BMaximus has asked for the wisdom of the Perl Monks concerning the following question:

In trying to keep my code clean I like separating different functions in to separate modules and then bring them together in to a main module. When using a framework like CGI::Application though, I'm not sure how to do this so that when the functions from other modules are invoked I can pull $self in them as if they were a part of the main class. So far I've done this two ways. The first way is to use Exporter and the other way is to put the module in @ISA. I'm not sure if either one of these methods is a good way to go. So I'd like to know what would be a better way to do what I'm trying to do. Going through the best practices book it says as far as inheritance goes use base. So that's what I'm doing to get the function from other packages in to my main application. So what is the better way to do what I'd like to do?

BMaximus

Replies are listed 'Best First'.
Re: OOP and Methods Question
by philcrow (Priest) on Dec 28, 2005 at 19:00 UTC
    Both use base and modifying @ISA provide genuine inheritence. use base is a newer approach which is a bit cleaner syntactically, but has the same effect as using the module, then putting its name into @ISA.

    Using Exporter amounts to using mixins. This means that the methods don't care what class structure you have so long as the object used to invoke the method responds appropriately.

    Using inheritence is a more generally accepted practice. But Exporting object oriented methods can make good sense too. Ask yourself this: is there a hierarchy of inheritence which makes sense for the app, or are the helper methods more unstructured. If the former inherit, otherwise stick with your Exporter mixins.

    Phil

Re: OOP and Methods Question
by pajout (Curate) on Dec 28, 2005 at 17:55 UTC
    It depends. If you want to use YourModule.pm as library of functions, try this - it supposes that YourModule.pm is on the place, which perl seeks for modules:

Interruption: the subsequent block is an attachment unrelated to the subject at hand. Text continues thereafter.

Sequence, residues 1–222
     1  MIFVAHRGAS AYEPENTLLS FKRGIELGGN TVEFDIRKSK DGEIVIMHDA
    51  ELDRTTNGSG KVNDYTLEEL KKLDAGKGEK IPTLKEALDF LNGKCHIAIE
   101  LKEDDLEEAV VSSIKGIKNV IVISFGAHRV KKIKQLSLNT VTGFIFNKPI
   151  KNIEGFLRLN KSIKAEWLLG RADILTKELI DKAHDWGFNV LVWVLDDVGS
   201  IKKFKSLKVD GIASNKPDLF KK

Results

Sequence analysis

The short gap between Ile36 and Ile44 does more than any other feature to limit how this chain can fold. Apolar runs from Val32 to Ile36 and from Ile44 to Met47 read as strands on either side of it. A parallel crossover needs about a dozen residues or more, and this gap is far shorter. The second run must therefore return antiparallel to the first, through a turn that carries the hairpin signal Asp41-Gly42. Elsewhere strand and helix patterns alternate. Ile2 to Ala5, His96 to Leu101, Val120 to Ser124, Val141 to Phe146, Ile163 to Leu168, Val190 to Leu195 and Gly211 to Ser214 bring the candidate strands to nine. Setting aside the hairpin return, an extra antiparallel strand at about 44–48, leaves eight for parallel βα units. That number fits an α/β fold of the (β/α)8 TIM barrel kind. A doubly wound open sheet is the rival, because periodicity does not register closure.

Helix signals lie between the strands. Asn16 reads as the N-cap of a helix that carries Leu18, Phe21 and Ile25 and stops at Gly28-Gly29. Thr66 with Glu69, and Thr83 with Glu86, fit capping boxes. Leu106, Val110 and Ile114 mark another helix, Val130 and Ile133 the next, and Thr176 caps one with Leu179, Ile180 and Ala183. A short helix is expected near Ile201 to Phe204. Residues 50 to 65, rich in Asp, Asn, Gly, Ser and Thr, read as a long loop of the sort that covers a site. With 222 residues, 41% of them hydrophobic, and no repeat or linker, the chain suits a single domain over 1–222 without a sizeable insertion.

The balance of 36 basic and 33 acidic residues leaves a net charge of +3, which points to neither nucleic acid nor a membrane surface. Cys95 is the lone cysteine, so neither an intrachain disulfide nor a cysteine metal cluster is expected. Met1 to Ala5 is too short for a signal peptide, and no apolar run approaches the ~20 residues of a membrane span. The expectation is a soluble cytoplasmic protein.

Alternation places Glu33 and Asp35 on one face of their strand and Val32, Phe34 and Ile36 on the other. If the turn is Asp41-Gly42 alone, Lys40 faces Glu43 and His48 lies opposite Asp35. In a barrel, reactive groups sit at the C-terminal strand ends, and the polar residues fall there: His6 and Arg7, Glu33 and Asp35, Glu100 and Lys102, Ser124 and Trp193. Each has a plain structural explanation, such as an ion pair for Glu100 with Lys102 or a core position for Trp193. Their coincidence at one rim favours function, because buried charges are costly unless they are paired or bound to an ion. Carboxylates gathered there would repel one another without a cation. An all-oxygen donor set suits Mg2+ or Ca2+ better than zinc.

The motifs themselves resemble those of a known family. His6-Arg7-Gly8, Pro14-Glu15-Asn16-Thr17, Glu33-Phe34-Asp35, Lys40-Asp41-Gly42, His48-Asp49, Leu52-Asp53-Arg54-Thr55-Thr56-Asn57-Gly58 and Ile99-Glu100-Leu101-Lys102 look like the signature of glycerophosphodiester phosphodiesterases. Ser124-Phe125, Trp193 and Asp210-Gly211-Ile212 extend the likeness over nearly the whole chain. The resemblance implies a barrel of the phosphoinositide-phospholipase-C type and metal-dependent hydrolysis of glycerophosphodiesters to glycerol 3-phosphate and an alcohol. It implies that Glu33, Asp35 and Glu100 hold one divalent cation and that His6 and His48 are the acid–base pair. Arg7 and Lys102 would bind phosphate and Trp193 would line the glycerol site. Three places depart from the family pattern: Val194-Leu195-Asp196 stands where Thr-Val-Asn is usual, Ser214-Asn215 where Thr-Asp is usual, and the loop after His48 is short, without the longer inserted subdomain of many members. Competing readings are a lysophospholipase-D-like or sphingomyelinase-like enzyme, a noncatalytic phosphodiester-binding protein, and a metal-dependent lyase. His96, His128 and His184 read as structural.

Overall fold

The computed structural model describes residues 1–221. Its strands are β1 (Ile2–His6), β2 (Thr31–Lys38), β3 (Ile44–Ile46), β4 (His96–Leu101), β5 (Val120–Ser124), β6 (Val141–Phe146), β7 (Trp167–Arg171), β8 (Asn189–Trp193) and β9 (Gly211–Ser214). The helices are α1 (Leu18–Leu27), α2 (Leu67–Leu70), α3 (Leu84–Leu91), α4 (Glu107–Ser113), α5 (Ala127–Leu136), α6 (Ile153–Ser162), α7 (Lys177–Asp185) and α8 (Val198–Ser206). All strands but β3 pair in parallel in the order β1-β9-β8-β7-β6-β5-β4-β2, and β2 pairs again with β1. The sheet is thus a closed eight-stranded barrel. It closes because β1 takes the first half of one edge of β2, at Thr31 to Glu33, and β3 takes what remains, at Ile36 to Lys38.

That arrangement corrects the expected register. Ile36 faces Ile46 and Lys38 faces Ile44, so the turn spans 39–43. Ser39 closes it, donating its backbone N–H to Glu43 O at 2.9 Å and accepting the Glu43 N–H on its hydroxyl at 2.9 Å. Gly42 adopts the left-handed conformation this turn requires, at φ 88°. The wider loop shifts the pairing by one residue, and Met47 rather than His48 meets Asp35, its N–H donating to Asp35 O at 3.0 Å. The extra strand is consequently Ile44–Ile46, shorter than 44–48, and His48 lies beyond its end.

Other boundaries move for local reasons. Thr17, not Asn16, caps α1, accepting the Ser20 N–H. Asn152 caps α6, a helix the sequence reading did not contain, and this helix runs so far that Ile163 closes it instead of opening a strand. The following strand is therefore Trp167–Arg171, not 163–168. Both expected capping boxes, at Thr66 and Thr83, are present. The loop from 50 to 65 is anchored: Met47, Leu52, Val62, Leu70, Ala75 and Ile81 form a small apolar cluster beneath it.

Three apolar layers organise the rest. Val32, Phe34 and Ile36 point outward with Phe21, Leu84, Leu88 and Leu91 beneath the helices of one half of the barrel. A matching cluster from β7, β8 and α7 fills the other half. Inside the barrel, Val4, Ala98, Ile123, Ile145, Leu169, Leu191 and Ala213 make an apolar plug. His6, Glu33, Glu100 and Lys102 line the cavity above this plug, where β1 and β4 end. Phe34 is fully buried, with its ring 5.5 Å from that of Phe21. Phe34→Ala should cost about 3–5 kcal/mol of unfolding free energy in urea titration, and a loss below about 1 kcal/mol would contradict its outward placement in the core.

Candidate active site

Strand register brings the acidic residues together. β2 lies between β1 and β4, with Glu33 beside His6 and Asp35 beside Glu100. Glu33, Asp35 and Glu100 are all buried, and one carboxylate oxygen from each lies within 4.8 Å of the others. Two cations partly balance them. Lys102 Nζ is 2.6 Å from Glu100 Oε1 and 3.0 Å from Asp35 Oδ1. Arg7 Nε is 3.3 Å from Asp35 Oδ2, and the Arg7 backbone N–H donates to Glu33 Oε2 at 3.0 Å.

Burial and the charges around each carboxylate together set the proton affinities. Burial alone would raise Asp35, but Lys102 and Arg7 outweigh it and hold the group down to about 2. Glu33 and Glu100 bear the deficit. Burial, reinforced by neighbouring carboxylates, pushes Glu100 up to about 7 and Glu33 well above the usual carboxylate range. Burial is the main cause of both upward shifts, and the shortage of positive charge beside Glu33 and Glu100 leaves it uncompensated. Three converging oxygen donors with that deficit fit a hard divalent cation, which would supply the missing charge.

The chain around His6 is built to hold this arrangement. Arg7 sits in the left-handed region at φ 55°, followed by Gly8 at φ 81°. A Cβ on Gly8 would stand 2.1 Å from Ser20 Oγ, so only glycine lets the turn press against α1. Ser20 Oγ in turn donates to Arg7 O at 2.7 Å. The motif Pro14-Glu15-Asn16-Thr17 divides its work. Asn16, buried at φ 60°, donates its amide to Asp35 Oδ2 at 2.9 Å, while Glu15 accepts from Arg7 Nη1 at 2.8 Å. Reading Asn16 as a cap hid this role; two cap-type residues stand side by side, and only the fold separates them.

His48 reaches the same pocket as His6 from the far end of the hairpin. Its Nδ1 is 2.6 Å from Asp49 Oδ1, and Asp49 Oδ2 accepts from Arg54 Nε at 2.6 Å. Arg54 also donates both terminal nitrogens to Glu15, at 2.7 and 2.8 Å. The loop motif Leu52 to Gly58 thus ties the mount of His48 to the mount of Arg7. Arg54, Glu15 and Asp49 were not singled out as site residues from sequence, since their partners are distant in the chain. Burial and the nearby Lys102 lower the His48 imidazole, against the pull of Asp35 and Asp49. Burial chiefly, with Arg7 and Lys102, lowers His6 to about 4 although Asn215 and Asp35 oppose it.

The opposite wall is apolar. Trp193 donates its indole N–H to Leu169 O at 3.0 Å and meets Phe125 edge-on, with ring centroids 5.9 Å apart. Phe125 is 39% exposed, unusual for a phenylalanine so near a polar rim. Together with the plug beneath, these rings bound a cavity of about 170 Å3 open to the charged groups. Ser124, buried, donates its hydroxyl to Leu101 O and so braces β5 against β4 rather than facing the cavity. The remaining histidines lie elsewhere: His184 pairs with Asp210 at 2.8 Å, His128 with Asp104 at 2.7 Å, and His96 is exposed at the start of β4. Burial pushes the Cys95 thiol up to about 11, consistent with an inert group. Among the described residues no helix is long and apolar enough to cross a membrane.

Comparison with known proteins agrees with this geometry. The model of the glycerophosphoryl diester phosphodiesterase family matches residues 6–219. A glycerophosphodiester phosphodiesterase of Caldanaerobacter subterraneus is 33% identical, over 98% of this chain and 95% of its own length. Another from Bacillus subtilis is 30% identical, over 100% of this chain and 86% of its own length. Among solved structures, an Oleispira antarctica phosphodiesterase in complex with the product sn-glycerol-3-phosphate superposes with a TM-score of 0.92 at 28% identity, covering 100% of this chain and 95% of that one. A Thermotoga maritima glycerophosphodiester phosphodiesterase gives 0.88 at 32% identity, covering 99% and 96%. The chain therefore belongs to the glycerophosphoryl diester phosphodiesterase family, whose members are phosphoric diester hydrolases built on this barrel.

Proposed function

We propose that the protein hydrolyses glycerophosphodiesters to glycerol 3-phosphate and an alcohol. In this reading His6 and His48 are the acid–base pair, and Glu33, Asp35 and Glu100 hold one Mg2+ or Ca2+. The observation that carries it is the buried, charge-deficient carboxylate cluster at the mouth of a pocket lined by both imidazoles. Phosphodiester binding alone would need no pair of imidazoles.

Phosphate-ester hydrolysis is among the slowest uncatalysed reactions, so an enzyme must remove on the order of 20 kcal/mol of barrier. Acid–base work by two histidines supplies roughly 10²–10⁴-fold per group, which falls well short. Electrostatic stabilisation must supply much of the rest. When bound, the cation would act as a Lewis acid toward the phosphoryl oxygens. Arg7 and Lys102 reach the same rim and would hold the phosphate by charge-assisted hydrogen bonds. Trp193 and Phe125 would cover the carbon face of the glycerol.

package MainModule; use YourModule (); my $ret = YourModule::yourFunction();
    but, if you want to have an object, which inherits from YourModule.pm, you can try something as:
    package MyObject; use base 'YourModule'; sub new { ...} my $instance = MyObject->new(); my $ret = $instance->yourFunction();
    and all methods from YourModule will be accessible through $instance.
Re: OOP and Methods Question
by wazzuteke (Hermit) on Dec 28, 2005 at 18:07 UTC
    To add to the above comment, realitve to your question: it all depends on the situation of your application of when you want to use base or @ISA. I have always tried to use base when creating my class hierarchy, however I have also ran into circumstances where I had to use the @ISA array.

    Either solution should work in most cases, though I usually also tell people to try use base first.

    In either curcumstance, if you are to use the @ISA array, I always put it within a BEGIN block. Maybe for personal preference, although it makes sence to ensure the push happens at compile time, rather than run time.
    package MyObject; use strict; use warnings; use vars qw( @ISA ); BEGIN { push( @ISA, 'BaseObject' ); }; sub new { # Code here } # Follow up with some methods 1;
    So, hopefully you can see what I mean here.

    Good luck!

    ---hA||ta----
    print map{$_.' '}grep{/\w+/}@{[reverse(qw{Perl Code})]} or die while ( 'trying' );
Re: OOP and Methods Question
by phaylon (Curate) on Dec 28, 2005 at 19:21 UTC
    You could also take a look at Class-Trait. Very useful for separating behaviour when you don't need overloaded methods.

    Ordinary morality is for ordinary people. -- Aleister Crowley